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Begin: No U.S. Pressure on Israel

August 11, 1977
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Premier Menachem Begin ridiculed reports of an Israeli-American confrontation over the issue of having the Palestine Liberation Organization represented at the proposed Geneva talks and affirmed that there was no pressure whatsoever on Israel to accept the PLO at the talks.

Begin, who offered this assessment to reporters today at the end of the first round of talks with Secretary of State Cyrus Vance, described his meetings with Vance as “excellent, conducted in a most friendly atmosphere” and devoid of any “confrontation with the American Secretary of State.” He added: “Sometimes I suspect people are standing with a stopwatch waiting for a confrontation.”

But when pressed to react to President Carter’s recent statements regarding PLO participation in Geneva talks if it accepted UN Security Council Resolution 242, Begin hinted his dissatisfaction by merely saying that he would refrain from criticizing the President. “Our stand toward the PLO has not changed. Under no circumstances will we negotiate with the PLO.” Begin said the political momentum was continuing and that the next step in the process will be when the Middle East foreign ministers meet in the United States next month.

The Premier expressed confidence that the U.S. would neither propose nor agree to inserting changes in Security Council Resolution 242 along the lines demanded by the PLO that the resolution’s call for “achieving a just settlement of the refugee problem” be modified to uphold the “Palestinian national entity.”


Begin’s optimism was also evident last night during a lengthy after-dinner speech at a state banquet in the Knesset when he claimed that things were “not as dark” as the press had painted them recently and praised Vance for having scored “a great achievement in the cause of peace” during his current Mideast mission. The Premier, however, did not reveal what that “achievement” was.

Nevertheless, Begin delivered to Vance a grim lecture on the aims and methods of the PLO and why Israel could never accept the terrorist organization as a negotiating partner. The Premier said the PLO’s philosophy “is based on an Arabic Mein Kampf” and the PLO could therefore never be a negotiating partner “because such is its philosophy.”

He cited sections of the “Palestinian National Covenant” to prove the point, adding: “It is a very serious matter to us, our dear friend, Mr. Secretary.” He referred to the Holocaust in which the Jewish people had been “tertiated-” and de- clared that it was the duty of “the man who bears responsibility for the future of his country to learn from the experiences of the past.”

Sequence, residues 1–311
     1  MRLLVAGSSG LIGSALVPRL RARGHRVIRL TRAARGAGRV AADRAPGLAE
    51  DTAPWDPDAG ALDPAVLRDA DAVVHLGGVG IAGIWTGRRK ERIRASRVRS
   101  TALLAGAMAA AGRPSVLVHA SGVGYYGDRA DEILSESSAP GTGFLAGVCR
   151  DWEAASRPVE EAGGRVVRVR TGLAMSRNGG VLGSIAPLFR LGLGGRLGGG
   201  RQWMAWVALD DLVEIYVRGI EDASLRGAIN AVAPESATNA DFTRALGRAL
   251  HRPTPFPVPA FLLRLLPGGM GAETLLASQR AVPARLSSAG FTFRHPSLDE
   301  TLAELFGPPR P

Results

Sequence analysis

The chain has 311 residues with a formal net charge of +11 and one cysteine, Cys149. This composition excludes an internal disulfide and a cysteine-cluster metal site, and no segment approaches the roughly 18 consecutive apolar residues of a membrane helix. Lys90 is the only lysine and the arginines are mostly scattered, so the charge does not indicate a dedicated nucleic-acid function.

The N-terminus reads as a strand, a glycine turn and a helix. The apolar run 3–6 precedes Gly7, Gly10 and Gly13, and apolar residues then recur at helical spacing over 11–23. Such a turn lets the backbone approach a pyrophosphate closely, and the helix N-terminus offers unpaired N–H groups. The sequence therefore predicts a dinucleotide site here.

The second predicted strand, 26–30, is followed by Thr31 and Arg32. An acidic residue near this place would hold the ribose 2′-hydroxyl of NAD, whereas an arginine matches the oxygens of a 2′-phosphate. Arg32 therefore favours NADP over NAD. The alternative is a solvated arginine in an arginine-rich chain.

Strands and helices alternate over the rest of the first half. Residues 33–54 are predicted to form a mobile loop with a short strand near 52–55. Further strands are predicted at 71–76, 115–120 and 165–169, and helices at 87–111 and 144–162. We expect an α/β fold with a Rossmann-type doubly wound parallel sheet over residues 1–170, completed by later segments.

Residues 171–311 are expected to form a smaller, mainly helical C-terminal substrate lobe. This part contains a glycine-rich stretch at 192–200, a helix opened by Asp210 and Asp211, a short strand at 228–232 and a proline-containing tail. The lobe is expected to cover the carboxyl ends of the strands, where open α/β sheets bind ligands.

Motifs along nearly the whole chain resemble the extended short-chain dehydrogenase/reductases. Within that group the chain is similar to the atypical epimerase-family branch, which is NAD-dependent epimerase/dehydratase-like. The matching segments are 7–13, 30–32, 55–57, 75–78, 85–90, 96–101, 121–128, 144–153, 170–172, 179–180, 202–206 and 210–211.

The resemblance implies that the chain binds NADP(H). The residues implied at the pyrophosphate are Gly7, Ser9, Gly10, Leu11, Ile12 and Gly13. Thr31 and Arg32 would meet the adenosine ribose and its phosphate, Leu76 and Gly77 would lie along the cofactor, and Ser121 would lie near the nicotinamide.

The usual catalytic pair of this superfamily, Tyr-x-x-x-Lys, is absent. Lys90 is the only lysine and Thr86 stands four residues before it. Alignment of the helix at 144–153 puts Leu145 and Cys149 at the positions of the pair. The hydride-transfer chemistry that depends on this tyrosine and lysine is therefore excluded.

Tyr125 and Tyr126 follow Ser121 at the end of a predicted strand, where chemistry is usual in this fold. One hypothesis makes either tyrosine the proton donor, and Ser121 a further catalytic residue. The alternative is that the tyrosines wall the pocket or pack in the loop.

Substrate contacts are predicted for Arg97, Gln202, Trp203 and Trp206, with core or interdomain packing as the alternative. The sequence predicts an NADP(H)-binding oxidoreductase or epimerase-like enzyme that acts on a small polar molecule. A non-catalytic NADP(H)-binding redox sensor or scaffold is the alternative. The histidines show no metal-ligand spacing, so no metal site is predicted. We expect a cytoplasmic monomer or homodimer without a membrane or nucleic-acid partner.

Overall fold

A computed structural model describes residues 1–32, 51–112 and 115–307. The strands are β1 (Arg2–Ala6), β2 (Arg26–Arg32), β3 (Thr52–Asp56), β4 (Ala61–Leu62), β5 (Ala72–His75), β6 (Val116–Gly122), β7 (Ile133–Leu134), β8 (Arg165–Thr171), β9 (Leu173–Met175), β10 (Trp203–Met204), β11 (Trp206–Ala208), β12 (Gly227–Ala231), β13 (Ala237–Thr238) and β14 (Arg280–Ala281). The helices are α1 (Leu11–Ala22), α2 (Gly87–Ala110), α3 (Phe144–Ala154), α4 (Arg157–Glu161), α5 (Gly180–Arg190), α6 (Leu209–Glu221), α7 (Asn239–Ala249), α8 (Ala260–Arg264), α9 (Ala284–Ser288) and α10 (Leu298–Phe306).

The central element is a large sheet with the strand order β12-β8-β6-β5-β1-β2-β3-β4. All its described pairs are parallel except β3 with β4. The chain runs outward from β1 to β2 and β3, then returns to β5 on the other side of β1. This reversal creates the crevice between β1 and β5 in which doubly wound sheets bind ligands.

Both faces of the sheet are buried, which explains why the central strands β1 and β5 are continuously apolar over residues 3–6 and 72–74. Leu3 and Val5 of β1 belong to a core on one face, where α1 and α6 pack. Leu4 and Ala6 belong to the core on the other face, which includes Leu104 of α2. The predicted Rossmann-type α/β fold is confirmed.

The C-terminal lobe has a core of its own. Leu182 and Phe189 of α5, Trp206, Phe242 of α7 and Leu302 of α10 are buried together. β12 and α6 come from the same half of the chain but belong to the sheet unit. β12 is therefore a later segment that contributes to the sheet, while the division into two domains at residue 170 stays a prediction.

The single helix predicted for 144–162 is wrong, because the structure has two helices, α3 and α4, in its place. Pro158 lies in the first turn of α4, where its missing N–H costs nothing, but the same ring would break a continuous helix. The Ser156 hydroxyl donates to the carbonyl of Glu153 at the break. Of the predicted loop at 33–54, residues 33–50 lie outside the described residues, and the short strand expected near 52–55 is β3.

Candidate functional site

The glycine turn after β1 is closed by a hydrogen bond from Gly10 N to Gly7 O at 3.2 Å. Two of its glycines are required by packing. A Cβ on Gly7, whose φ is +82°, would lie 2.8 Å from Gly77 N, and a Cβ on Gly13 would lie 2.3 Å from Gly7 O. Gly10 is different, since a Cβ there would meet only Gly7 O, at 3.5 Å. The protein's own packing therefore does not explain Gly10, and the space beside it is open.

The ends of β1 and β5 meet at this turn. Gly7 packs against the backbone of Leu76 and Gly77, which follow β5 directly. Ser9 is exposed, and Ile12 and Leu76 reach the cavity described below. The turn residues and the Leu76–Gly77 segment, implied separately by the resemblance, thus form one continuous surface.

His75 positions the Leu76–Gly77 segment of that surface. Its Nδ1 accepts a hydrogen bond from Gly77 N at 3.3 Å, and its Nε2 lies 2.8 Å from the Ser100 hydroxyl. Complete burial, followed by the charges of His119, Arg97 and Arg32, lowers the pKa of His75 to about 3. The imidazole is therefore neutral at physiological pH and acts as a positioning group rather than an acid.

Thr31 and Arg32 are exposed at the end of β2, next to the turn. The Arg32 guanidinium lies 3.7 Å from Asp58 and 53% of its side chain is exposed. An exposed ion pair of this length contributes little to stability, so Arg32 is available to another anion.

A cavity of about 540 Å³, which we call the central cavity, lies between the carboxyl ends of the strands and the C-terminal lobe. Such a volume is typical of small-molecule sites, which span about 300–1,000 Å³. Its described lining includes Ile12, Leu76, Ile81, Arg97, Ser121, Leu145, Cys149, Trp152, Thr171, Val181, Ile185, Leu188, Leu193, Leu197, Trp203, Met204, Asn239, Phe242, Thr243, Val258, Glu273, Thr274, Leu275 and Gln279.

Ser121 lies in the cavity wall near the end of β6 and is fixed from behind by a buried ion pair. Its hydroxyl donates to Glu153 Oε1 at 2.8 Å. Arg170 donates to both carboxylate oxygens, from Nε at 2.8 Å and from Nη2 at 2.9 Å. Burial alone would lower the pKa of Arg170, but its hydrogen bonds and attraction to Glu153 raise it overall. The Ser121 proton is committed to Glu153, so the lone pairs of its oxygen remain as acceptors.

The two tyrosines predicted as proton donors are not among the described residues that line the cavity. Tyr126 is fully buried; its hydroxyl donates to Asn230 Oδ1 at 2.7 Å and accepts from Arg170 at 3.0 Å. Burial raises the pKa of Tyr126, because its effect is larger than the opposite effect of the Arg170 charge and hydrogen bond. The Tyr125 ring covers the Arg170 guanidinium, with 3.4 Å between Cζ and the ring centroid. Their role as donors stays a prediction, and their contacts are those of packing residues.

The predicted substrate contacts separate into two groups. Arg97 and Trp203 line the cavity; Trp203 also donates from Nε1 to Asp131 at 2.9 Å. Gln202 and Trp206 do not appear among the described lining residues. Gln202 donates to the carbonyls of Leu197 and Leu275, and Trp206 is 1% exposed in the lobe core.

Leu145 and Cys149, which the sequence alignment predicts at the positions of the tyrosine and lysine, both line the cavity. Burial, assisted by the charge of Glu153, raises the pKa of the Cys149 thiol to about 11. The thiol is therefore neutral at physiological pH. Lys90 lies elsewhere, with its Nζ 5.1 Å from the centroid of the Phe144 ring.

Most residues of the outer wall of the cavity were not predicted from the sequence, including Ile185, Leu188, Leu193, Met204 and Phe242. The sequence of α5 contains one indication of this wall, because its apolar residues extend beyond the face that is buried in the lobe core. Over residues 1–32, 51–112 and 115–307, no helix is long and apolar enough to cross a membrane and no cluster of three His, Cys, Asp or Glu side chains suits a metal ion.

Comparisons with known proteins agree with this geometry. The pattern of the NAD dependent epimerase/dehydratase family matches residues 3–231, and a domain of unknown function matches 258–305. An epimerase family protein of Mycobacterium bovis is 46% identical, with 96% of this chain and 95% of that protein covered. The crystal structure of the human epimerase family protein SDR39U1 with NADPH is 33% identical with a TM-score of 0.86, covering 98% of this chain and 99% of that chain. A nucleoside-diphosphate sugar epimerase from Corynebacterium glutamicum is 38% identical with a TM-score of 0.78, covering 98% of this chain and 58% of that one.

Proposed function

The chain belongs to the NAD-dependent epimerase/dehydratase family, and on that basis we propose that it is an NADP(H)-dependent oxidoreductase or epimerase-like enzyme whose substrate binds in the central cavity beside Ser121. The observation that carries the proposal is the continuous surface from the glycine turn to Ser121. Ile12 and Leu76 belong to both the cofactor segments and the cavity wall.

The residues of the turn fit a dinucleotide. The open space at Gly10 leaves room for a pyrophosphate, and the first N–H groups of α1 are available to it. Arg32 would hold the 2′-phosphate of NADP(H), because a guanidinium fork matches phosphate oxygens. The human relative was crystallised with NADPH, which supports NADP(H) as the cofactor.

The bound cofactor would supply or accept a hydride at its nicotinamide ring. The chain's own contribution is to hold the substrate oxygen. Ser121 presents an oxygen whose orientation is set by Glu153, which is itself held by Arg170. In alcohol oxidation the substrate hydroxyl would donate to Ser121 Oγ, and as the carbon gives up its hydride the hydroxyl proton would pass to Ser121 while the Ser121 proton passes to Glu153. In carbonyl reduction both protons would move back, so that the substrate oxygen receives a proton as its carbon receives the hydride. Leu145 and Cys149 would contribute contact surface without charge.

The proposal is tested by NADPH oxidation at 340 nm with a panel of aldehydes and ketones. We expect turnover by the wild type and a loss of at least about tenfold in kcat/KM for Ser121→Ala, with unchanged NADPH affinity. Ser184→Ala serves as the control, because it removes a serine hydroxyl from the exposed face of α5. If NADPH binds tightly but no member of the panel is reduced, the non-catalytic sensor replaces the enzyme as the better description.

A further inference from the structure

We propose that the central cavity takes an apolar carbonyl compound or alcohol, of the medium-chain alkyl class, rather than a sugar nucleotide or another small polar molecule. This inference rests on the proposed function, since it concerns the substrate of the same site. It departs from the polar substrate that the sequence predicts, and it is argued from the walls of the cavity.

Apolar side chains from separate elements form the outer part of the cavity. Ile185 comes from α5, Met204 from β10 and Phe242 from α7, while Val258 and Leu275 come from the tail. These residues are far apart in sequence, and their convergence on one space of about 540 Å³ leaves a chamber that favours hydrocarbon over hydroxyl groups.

Vance’s reply was less specific, less dramatic and more generally couched, but it was clear that he did not necessarily accept Begin’s argument. He urged Israel “to strike out down paths that are unfamiliar” in order to reach peace.

The peace process would involve “uncertainty and change” for the parties, Vance continued, and the U.S., acting in its role as catalyst, might proceed “with more activism than Israel would prefer.” But he invoked the “mutual understanding” between the U.S. and Israel as the cause for hope of eventual success. The choice was between ever more destructive wars and “bold moves” towards peace, Vance said. “It won’t be easy or brief.”


The new U.S. statements by Carter in Plains, Ga, and by State Department officials with Vance, that if the PLO accepted Resolution 242 it could be admitted to Geneva, clouded the atmosphere during the first afternoon of talks between Vance and the Israeli negotiators. But Israeli sources maintained afterwards that the Secretary had not pressed Israel on this matter–perhaps because there had not been a positive response from authoritative PLO leaders.

Some observers opined that the American aim in making its new suggestion regarding the PLO was in effect to put up a “two-way trial balloon.” If the PLO still responds favorably, then the U.S. will indeed back its presence at Geneva, in defiance of the Israeli stand. If, however, the PLO declines to moderate its position by accepting 242, then the U.S. and the moderate Arab states would be freer to move towards Geneva without the PLO.

All the Arab states which Vance visited have agreed, at any rate, to have their foreign ministers attend further talks with Vance in New York next month during the UN General Assembly. This itself, in the view of some Israeli sources, might have been the “achievement” to which Begin had referred.

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